German delegation visits Lawrence to celebrate 30th anniversary of Sister Cities program

photo by: City of Lawrence

Vice Mayor Jennifer Ananda, from left, Friends of Lawrence in Eutin Chair Stephan Klein, Mayor Lisa Larsen, Commissioner Stuart Boley, Eutin Mayor Carsten Behnk, Commissioner Matthew Herbert, and Eutin City Council President Dieter Holst pose for a photo at City Hall on Oct. 8, 2019.

The world seems a little smaller thanks to a now 30-year relationship between Lawrence and its German sister city.

The program has sent hundreds of students to live with host families in both countries, has facilitated regular visits from delegates, and has even led to at least three marriages, according to Sister Cities Lawrence Chair Bill Keel, who is also a University of Kansas German professor. But Keel, who has been involved with the related Friends of Eutin program since its beginning, said the biggest benefit was the perspective it brought to the individual participants.

“(The participant) goes over and spends time in the partner city and gets to know people, gets some new perspectives on what it means to be a German, an American, in a multicultural environment,” Keel said. “It just opens up a whole new chapter in a person’s life, really.”

To celebrate the 30-year anniversary, a delegation from Lawrence, including Mayor Lisa Larsen and Vice Mayor Jennifer Ananda, visited Eutin over the summer, and this week a delegation from Eutin visited Lawrence. The 12-member delegation stayed with host families, visited sites around Lawrence and the state, and received proclamations at Lawrence City Hall and the Kansas Statehouse.

Keel said that he thought the more we got to know people in other countries, the less likely we were to have hostilities with those countries. He said that element spoke to the foundation of the program.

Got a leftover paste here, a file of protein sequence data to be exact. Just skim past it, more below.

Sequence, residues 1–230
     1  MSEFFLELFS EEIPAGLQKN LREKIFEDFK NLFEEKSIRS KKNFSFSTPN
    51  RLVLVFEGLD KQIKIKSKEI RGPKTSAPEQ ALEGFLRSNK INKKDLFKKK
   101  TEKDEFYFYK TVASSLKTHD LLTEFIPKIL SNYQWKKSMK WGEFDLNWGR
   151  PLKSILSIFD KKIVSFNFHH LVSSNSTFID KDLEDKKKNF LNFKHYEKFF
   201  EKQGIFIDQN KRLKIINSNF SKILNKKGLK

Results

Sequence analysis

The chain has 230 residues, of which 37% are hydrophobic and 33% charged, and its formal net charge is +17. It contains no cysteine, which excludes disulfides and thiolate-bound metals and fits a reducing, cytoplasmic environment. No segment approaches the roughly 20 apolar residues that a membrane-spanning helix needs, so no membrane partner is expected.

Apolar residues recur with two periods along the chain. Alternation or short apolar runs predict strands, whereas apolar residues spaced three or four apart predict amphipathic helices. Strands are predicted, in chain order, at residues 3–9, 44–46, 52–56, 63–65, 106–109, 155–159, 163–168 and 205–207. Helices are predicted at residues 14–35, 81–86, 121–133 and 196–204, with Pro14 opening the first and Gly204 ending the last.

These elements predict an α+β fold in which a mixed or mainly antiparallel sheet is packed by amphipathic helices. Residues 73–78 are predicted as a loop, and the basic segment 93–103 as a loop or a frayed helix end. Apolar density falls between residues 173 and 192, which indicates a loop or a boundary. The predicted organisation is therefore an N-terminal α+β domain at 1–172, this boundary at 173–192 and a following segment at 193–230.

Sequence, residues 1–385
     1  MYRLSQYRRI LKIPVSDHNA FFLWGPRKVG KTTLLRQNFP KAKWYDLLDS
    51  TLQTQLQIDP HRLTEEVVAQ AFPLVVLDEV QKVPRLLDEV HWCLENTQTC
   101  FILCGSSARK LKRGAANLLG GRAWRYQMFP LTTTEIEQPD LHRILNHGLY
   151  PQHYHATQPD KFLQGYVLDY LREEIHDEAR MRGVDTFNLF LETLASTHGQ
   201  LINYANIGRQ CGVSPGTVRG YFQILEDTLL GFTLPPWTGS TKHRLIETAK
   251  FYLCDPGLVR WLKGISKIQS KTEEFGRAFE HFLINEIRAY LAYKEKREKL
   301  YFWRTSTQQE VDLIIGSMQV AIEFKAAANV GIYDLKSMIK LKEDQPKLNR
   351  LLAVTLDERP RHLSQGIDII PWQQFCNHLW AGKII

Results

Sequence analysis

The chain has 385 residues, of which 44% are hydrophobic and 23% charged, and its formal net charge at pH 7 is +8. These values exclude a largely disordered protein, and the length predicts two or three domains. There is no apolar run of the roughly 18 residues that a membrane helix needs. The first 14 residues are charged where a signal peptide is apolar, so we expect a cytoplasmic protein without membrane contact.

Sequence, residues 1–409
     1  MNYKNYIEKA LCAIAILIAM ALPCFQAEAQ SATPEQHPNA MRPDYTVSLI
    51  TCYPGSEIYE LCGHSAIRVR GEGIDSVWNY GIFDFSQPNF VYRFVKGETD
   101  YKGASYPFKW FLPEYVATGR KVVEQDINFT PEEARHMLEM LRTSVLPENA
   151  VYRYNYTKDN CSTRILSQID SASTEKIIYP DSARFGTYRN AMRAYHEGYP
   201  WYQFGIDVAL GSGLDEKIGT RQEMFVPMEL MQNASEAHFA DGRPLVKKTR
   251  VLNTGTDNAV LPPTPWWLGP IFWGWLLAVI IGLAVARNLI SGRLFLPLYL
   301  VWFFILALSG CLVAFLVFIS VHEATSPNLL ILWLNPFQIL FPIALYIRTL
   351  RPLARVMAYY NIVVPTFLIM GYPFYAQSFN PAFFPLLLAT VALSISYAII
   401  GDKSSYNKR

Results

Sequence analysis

President Dwight D. Eisenhower helped spur the concept of sister cities as part of a larger effort to combat East-West tensions and promote better understanding between nations after World War II, according to the city’s website. Though the relationship and student exchanges began years beforehand, Lawrence officially became the sister city of Eutin in 1989, and later became the sister city of Hiratsuka, Japan, and Iniades, Greece.

Eutin delegate Torben Mothes was in Lawrence this week for the third time to celebrate the anniversary. Mothes said that staying with host families on his visits to Lawrence had given him a view of the culture here and a chance to see how other people live. And for him, that has led to some lasting friendships.

“That is a big benefit, to be in touch with the people,” Mothes said. “It’s like a family. It’s not only to be here like a tourist.”

While the Eutin delegation was in Lawrence they also had a chance to see what the City of Lawrence and surrounding area have to offer. Keel said the delegation visited the KU campus, had a tour of Waxman Candles in downtown Lawrence, had lunch at Free State Brewing Company, visited the Flint Hills Discovery Center in Manhattan, and had an all-day excursion to the Eisenhower Presidential Library and Museum in Abilene, among other activities.

Sister Cities Lawrence Vice Chair Kelly Scholz said the delegation included the Eutin mayor, a member of the city council, an artist and others. Scholz said the long-standing relationship and the exchanges between students have been important for the community.

“It’s a great program and something that the city should be proud of,” Scholz said.

Sister Cities Lawrence is an independent nonprofit board that coordinates all Sister City activities and programs, according to the city’s website. The board, which was previously a city advisory board, includes a seat for the Lawrence mayor. Those interested in learning more about the program or the student exchanges can visit the Sisters Cities Lawrence website.


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